Knowledge and Skills Transfer as Peace-Building Mechanisms: A Study of the Somali Diaspora

Knowledge and Skills Transfer as Peace-Building Mechanisms: A Study of the Somali Diaspora

Yusuf Sheikh Omar (SOAS University of London, UK)
Copyright: © 2020 |Pages: 20
DOI: 10.4018/978-1-5225-5079-2.ch011

Abstract

Somalia has been involved in a prolonged war that commenced in the 1990s, and millions of her citizens have fled their homeland in search of protection and safety in other countries, particularly in the West. This chapter therefore examined the Somali diasporas with particular focus on their levels of knowledge and skills transfer as contributions to peace and nation building in their homeland. It also examined how their engagement on issues such as transnational networking, remittances, investments in the economy and education, media development, advocacy, politics and governance, as well as humanitarian endeavors have helped build capacities in the country. The chapter highlights the opportunities and challenges faced by Somali diasporas, especially the uncertain security atmosphere in the country.
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Introduction

Somalis have been fleeing and seeking refuge and protection in the West, since the outbreak of civil war in their country in the 1990s. Many of these refugees and their children have gained enormous skills and expertise in their host countries, especially in those in the European Union, North America, Australia and New Zealand. Incidentally, some of these Somalis in the diaspora are now returning to their homeland and contributing to nation-building, although a greater percentage of them still reside abroad. Some of the returnees provide needed expertise in education, business, humanitarian and technology that are not available in the country, with the overall aim of rebuilding the war-ravaged nation.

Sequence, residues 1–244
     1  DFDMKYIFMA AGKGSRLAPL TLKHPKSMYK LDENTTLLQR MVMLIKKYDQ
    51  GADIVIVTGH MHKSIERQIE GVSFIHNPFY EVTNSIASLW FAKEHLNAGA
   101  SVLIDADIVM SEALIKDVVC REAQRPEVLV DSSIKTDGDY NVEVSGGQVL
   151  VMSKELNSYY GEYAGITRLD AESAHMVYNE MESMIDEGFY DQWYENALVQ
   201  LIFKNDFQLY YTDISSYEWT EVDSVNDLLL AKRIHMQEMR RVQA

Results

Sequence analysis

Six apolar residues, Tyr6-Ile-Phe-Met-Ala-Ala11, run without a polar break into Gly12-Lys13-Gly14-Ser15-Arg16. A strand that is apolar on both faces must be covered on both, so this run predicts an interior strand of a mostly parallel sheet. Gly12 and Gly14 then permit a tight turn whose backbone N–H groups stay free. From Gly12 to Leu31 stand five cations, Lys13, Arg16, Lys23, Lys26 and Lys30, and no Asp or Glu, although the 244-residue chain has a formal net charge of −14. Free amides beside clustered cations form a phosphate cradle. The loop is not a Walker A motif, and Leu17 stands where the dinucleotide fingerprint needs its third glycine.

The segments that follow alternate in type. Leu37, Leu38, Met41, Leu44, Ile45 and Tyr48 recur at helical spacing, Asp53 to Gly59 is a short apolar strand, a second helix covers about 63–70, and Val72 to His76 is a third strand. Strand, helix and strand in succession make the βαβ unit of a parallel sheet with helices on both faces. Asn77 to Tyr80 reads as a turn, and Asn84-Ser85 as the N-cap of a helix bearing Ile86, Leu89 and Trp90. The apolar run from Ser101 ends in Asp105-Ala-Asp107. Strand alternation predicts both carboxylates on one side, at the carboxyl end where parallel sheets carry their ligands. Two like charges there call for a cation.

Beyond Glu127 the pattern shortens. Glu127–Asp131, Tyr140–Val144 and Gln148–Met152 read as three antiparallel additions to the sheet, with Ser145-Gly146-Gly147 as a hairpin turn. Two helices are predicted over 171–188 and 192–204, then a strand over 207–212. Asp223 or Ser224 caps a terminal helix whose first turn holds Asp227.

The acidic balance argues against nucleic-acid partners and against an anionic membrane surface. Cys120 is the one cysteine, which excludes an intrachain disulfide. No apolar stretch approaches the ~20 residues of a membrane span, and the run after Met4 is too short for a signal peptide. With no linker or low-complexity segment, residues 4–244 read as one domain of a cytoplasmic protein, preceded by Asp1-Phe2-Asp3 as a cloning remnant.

This chapter essentially explores the knowledge, expertise and skills transfer mechanisms through which Somalis in the diaspora, and those who have already returned home, can contribute to the development of their conflict-affected homeland. In this regard, the chapter will highlight the activities of some organizations engaged in rebuilding Somali, such the UK-based Global Somali Diaspora (GSD), and the Heritage Institute for Policy Studies (HIPS) based in Somalia.

The overall objectives in this chapter are to:

  • Examine forms of diaspora’s knowledge and skills transfer and their different impacts on recovery, peacebuilding, and development.

  • Explore the impact of diaspora’s intergenerational and circumstantial differences (voluntary or involuntary) on their role in peacebuilding and development in the long term.

  • Understand the importance of Somali diaspora’s contribution to peace building and development through knowledge, skills and capacity transfer.

  • Identify patterns of projects, and programs undertaken by Somali diaspora and how these activities contribute to peace building and social development.

In this chapter, “Somali diaspora” refers to Somalis living outside Somalia and the Horn of Africa region, particularly those living Western countries (Ismail, 2011).

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